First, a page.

What Maryland Business Owners Should Know About The New Corporate Transparency Act
Along with surprise medical bills, shell corporations could soon be a thing of the past. A shell corporation is a company that appears to belong to no one, sometimes because its dealings are so shady that no one wants to claim responsibility for it. People have set up shell corporations (or perhaps more accurately, had other companies set them up) either to hide assets from creditors or ex-spouses or to distance themselves from nefarious financial transactions. A new law requires more transparency from businesses about the identity of the humans connected to them. This law will make it much harder for companies and their owners to hide their actions behind shell corporations. To find out more about the responsibilities you and your business will have under the new Corporate Transparency Act, contact a Maryland business law attorney.
About the Corporate Transparency Act
The Corporate Transparency Act (CTA) went into effect as part of the 2021 National Defense Authorization Act; it is a federal law. Its purpose is to prevent money laundering and similar financial crimes. The law will make it more difficult for business entities to operate as shell corporations, the actions of which are untraceable to the human beings that actually control the corporations.
Pursuant to the new law, almost every business must submit a report to the United States Department of Treasury, furnishing information about the owners and major decision makers of the company. The deadline for submitting the report is January 1, 2022. After that, you only need to update the report if and when any of the information in it changes. The report must include the following information about every person who owns 25 percent or more of the company and every person authorized to make major decisions on the company’s behalf:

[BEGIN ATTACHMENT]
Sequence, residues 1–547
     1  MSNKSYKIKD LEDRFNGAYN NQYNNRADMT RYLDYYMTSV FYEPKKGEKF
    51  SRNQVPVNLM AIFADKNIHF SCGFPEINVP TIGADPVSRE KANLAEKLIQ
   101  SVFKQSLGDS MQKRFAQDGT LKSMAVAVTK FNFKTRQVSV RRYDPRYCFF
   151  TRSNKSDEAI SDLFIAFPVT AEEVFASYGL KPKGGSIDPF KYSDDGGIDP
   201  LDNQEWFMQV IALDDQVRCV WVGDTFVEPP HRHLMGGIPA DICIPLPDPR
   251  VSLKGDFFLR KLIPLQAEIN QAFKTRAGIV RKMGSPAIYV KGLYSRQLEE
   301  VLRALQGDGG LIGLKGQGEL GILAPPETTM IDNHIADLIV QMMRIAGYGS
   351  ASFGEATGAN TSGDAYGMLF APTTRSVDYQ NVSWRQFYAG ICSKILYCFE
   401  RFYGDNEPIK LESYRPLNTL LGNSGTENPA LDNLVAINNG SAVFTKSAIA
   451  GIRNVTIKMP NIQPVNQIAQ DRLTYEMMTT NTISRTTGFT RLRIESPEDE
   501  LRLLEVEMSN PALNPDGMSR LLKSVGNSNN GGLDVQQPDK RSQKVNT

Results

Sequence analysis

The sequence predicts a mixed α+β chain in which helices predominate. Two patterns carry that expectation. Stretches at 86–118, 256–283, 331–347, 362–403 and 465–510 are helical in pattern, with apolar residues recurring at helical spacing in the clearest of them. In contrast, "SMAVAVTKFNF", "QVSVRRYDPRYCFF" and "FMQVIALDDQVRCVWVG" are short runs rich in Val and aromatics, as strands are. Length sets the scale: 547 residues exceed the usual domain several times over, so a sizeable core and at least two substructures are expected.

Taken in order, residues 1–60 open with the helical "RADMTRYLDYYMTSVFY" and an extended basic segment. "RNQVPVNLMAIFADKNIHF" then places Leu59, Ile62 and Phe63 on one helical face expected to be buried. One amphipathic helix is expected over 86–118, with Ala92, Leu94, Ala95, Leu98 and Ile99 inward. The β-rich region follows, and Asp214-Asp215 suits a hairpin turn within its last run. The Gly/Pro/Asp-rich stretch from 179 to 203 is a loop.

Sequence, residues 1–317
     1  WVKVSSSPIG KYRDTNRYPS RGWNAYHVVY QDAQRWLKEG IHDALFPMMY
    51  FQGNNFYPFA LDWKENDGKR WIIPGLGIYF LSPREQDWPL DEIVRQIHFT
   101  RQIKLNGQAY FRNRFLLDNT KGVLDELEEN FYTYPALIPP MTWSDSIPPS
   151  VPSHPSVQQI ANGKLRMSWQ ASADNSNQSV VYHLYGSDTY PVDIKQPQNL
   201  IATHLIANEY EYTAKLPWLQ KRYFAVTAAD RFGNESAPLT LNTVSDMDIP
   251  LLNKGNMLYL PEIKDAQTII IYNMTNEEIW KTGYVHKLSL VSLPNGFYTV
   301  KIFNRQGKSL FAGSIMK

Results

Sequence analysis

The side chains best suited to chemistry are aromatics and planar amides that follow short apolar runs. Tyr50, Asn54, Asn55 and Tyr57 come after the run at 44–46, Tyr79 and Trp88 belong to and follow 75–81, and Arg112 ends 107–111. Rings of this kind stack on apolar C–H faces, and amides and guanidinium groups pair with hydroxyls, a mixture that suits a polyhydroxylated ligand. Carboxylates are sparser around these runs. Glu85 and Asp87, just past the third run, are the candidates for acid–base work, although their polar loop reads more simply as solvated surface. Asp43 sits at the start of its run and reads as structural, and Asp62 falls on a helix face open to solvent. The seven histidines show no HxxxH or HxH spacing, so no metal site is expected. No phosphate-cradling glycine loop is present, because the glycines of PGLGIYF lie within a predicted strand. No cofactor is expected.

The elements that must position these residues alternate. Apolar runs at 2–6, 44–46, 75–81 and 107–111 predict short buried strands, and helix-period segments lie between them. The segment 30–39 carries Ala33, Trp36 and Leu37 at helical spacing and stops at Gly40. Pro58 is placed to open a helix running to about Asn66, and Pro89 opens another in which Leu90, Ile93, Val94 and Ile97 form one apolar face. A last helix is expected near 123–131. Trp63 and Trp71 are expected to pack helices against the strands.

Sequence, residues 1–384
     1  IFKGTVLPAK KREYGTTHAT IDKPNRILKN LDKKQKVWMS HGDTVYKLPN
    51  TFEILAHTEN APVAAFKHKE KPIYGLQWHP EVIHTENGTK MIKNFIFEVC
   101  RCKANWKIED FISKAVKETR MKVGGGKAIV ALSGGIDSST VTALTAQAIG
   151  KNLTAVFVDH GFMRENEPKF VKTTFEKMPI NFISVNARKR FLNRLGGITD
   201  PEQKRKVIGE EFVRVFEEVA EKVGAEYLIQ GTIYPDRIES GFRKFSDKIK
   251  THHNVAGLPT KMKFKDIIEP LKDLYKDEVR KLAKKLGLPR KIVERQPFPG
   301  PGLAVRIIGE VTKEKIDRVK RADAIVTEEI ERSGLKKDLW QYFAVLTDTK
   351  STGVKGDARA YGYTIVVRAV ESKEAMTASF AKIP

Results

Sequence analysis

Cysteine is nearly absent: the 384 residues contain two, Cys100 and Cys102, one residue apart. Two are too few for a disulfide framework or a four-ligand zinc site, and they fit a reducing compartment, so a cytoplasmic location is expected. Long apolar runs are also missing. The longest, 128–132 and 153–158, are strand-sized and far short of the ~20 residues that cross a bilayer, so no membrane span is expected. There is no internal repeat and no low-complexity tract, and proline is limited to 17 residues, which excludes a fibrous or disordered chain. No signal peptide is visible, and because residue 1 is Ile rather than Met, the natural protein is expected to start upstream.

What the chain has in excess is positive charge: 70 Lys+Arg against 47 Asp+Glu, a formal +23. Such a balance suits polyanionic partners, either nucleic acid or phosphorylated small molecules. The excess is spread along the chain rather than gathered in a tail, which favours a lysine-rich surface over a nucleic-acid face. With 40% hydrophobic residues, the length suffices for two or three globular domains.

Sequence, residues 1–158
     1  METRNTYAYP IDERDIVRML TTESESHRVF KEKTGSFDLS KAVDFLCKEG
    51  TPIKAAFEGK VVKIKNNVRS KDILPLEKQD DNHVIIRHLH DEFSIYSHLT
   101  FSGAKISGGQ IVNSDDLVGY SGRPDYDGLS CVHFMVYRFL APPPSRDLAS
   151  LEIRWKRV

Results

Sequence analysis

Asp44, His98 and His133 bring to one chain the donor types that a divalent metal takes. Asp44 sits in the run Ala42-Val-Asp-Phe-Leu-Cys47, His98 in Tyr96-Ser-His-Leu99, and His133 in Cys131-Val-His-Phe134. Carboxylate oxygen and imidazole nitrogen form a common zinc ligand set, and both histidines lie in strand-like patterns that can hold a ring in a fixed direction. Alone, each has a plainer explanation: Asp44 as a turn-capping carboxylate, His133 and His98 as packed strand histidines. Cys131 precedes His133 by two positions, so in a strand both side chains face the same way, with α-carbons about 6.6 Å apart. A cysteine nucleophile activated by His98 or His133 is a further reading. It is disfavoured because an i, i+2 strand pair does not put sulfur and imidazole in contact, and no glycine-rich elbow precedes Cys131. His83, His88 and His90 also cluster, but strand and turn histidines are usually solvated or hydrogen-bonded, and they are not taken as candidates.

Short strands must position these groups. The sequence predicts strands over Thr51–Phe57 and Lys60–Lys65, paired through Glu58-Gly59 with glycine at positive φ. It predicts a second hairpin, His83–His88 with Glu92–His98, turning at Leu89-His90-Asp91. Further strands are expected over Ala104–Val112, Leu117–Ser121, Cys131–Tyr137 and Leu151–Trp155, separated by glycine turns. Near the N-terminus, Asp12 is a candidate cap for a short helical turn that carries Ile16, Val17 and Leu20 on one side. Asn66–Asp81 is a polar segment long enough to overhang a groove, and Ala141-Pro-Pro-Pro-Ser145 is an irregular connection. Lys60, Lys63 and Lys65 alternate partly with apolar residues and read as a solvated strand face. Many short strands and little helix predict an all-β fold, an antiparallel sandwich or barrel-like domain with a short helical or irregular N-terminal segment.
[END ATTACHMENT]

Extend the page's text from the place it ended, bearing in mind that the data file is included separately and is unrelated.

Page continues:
- Full legal name
- Date of birth
- Residential postal address
- ID number on a government-issued document such as a driver’s license or passport
What the Corporate Transparency Act Does Not Do
Not every company is required to submit a report to the Department of Treasury, only the ones with a gross annual income of at least $5 million and the ones that employ 20 or more workers. Even if your company is required to submit a report, this does not mean that the information will become publicly searchable. (Would anyone choose to be an entrepreneur if it meant making your address and driver’s license number visible to the whole world?) In fact, the Department of Treasury can only share the information with law enforcement, prosecutors, and judges in the United States and some foreign countries, and only after these parties submit a formal request including an explanation of how they plan to use it (for example, in a criminal investigation about money laundering).
Let Us Help You Today
A Washington DC small business lawyer can help you file or update your CTA disclosures report and prepare or review any other legal documents your business needs. Contact Tobin, O’Connor & Ewing for help today.